After an uncomfortable meal with Corporal Phelps, Carl shares his story with Astrid. She agrees to take him to Saratin. Reaching the tent city outside the walls of Saratin, they search for refuge and are taken in by Kenneth who is partially responsible for the chaos in the world. The safe place is quickly infiltrated by Corporal Phelps, and they are taken back to Base 40 where Carl witnesses the Corporal torturing Astrid. In a moment of anguish, Carl remembers something he was told and puts together a plan to save Astrid and himself, and, unknowingly, the world.

A 5-star Amazon review of The Road to Saratin

Dystopian fiction is not my normal genre, but this book made a refreshing read as it was so different.

The story follows Carl, a man haunted by myriad voices in his head since the age of six. We join him twenty-two years later in the Freedom Institute. He knows little of the devastation that overtook the world not long after his incarceration, or of the freaks and mutants that roam outside the three remaining cities. His world has become limited to the doctor who “treats” him and the daily tasks he performs, but everything changes when a colleague dies and suspicion falls on Carl.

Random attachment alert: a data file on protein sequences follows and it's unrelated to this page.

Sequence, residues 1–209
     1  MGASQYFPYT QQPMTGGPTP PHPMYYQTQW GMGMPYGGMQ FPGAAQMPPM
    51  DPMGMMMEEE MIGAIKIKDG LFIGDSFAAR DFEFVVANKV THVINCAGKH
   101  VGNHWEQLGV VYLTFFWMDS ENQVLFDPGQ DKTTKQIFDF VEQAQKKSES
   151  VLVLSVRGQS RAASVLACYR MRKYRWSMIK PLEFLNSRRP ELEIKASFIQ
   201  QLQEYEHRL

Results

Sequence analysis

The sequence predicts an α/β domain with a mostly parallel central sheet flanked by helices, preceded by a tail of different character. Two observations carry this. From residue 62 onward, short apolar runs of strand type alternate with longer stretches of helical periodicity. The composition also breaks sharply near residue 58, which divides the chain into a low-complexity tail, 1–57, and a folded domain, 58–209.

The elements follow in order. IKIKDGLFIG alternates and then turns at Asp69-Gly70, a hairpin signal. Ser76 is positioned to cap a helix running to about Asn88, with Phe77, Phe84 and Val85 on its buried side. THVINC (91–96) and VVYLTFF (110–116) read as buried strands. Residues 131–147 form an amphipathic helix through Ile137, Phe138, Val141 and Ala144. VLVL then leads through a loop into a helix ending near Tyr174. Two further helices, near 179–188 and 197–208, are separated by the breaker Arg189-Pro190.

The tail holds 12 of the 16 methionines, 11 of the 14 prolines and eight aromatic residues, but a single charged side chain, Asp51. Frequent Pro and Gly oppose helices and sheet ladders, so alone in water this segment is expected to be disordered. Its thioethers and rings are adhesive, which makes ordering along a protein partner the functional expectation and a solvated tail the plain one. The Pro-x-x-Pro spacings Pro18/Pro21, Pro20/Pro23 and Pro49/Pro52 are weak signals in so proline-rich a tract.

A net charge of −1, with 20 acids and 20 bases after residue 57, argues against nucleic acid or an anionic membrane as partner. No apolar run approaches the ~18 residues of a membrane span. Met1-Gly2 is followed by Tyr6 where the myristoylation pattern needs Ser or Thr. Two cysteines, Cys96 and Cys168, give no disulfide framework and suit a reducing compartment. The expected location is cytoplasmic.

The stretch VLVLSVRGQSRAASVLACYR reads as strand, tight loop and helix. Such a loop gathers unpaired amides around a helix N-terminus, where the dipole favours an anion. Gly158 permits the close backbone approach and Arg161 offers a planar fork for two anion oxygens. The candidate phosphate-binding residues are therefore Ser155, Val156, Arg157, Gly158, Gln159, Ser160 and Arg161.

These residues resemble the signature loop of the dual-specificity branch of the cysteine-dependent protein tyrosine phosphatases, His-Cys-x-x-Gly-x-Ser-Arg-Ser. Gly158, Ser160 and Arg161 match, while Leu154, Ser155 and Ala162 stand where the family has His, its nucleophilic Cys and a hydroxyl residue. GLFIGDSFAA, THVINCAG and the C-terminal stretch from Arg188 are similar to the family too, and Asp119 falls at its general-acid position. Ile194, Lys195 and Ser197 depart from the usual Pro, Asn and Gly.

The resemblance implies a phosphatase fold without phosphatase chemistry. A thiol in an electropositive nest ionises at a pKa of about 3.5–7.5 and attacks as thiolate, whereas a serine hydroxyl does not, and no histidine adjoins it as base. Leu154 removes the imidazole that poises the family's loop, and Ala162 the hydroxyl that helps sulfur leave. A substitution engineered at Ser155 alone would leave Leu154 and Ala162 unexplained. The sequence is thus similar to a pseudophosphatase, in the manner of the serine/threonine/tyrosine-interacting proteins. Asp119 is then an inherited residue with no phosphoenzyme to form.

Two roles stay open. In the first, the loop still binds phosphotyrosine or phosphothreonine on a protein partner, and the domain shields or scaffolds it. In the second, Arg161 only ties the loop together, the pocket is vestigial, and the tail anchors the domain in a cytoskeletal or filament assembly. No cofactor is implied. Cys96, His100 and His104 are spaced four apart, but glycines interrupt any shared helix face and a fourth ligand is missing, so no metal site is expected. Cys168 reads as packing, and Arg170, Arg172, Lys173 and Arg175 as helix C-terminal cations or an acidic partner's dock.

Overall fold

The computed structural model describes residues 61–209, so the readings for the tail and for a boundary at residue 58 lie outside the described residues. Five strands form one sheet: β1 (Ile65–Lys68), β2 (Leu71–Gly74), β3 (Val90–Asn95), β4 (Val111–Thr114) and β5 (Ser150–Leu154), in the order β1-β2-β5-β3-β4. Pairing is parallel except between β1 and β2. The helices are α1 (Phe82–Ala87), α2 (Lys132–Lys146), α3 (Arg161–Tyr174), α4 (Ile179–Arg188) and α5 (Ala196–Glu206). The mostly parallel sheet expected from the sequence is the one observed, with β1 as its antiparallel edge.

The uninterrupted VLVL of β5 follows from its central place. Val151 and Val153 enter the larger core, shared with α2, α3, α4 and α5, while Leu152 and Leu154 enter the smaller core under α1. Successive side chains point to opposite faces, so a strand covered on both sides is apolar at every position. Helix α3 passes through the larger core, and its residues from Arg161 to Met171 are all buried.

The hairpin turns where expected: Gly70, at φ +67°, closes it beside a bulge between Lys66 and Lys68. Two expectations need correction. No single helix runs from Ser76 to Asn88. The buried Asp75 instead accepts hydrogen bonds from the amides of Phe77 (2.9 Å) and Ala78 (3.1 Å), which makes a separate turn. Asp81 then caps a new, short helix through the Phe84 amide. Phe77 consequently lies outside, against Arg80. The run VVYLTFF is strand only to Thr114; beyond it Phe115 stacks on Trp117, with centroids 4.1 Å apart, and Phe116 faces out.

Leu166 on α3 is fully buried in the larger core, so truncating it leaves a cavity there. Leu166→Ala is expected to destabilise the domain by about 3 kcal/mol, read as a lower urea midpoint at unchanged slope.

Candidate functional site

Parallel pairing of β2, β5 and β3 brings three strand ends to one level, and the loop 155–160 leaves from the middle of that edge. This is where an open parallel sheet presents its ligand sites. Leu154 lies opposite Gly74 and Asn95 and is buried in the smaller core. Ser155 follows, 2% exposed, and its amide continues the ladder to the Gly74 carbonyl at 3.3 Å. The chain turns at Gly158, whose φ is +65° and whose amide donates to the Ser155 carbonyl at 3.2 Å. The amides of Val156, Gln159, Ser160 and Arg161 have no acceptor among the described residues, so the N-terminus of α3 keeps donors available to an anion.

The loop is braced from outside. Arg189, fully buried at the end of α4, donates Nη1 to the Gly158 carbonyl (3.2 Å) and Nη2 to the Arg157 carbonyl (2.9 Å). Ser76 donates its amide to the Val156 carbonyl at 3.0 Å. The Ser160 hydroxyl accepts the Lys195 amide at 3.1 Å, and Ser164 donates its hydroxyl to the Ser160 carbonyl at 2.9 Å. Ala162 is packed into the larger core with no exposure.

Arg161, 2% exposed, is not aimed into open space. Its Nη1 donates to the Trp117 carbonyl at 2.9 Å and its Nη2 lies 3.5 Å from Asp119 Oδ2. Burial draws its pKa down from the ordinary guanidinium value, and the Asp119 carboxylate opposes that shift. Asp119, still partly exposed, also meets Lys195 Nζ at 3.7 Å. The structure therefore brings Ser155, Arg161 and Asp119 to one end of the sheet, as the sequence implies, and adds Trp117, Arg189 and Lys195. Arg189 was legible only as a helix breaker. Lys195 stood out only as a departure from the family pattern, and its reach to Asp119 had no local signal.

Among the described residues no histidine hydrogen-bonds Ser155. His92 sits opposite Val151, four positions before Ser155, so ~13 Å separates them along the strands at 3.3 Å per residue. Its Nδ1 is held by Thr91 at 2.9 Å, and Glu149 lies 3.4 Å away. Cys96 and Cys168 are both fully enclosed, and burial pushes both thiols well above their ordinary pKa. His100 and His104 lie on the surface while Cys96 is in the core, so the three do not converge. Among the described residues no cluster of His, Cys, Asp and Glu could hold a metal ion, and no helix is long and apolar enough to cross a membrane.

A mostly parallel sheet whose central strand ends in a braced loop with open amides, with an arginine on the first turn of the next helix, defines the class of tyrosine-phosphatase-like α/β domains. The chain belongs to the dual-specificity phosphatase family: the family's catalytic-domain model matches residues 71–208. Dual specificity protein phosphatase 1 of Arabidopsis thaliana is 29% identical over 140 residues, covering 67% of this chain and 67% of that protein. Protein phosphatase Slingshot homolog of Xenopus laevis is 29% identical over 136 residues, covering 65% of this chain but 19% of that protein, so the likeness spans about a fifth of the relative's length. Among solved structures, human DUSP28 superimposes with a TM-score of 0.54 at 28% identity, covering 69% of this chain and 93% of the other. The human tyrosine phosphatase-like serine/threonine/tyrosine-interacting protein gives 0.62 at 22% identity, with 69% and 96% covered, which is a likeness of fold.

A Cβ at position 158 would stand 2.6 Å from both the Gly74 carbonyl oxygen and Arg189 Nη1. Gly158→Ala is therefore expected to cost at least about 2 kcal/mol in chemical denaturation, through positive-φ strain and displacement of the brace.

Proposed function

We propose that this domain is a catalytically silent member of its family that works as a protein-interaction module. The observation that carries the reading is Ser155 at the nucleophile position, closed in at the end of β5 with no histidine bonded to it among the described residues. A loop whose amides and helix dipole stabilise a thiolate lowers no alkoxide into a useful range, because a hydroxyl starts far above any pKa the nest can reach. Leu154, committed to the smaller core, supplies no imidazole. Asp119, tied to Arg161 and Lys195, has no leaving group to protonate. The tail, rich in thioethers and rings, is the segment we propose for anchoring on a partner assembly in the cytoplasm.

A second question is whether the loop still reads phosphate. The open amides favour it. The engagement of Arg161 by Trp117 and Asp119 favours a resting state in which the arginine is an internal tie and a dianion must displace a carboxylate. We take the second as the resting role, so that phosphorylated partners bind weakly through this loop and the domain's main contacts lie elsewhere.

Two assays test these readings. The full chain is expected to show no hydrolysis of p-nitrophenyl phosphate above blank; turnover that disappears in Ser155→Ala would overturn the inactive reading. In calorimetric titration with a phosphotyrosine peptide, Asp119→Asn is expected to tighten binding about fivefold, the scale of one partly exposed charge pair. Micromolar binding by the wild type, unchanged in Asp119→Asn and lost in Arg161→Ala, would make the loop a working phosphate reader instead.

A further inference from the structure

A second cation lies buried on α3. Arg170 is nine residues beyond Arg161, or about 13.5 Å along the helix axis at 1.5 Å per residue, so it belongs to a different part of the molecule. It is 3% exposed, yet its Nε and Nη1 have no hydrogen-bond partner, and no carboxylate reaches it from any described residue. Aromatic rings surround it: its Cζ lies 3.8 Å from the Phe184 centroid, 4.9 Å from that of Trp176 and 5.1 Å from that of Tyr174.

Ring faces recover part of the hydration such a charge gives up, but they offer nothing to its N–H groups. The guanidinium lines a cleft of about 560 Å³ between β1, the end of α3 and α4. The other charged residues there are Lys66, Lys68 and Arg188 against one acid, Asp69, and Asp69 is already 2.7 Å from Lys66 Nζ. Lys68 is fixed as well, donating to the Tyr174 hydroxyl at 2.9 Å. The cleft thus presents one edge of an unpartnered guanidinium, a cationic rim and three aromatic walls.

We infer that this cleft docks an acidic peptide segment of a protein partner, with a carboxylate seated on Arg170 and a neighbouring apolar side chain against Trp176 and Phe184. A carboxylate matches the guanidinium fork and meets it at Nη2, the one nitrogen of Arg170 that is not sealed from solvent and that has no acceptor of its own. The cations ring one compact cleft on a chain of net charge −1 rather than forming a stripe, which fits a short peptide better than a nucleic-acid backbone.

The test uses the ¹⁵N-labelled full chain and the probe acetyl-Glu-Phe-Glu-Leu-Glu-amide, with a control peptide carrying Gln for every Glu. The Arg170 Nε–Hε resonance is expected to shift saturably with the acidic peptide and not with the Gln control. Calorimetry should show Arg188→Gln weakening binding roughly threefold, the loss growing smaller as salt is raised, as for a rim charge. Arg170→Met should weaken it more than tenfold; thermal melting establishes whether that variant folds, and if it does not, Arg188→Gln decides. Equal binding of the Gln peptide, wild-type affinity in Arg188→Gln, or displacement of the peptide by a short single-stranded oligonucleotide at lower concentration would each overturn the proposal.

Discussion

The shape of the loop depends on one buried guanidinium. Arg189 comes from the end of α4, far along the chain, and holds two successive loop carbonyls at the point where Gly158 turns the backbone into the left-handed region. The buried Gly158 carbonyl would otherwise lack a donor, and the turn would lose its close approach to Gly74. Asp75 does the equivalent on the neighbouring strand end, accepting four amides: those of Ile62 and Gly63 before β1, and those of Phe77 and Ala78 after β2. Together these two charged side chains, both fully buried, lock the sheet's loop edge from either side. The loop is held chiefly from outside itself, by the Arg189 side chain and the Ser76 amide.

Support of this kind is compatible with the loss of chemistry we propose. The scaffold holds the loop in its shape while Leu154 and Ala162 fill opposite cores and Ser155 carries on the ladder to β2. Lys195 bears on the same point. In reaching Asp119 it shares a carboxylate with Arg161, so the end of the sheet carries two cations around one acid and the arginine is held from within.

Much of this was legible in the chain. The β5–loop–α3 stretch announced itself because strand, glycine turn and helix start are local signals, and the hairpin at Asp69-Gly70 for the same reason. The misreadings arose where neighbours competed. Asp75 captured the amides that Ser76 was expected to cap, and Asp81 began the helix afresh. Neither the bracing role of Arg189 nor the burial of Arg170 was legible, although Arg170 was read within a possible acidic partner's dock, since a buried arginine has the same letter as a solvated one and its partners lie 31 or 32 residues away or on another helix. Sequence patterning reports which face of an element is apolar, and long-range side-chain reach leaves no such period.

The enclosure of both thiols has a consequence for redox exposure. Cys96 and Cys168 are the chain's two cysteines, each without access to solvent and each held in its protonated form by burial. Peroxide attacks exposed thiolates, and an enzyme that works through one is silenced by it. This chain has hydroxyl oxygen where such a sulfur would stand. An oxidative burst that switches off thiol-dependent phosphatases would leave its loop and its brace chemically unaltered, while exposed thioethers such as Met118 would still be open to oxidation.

In an intricate storyline, the voices urge him to leave his institutionalised life. They guide him along a path of twists and turns, away from the city of Montford. He aims to find his long-lost mom in another of the surviving cities, Saratin. His many encounters and adventures make for an intriguing, if sometimes disturbing, read. The ending is surreal but satisfying.

This book is a real page-turner and stretched my imagination. It surprised me what can be achieved within this post-apocalyptic style of writing.

Thursday Doors – Standard Quay in Faversham

Thursday Doors is a weekly feature allowing door lovers to come together to admire and share their favorite door photos from around the world. Feel free to join in on the fun by creating your own Thursday Doors post each week and then sharing your link in the comments below, anytime between Thursday morning and Saturday noon (North American eastern time). You can join in here: https://miscellaneousmusingsofamiddleagedmind.wordpress.com/2020/10/08/thursday-doors-october-8-2020/

My aunt and cousin both lived in Faversham in Kent, UK, until about two years ago. Whenever we went to the UK, we based ourselves in Faversham so we got to know this quaint English town quite well. These are pictures from April 2016 taken at Standard Quay.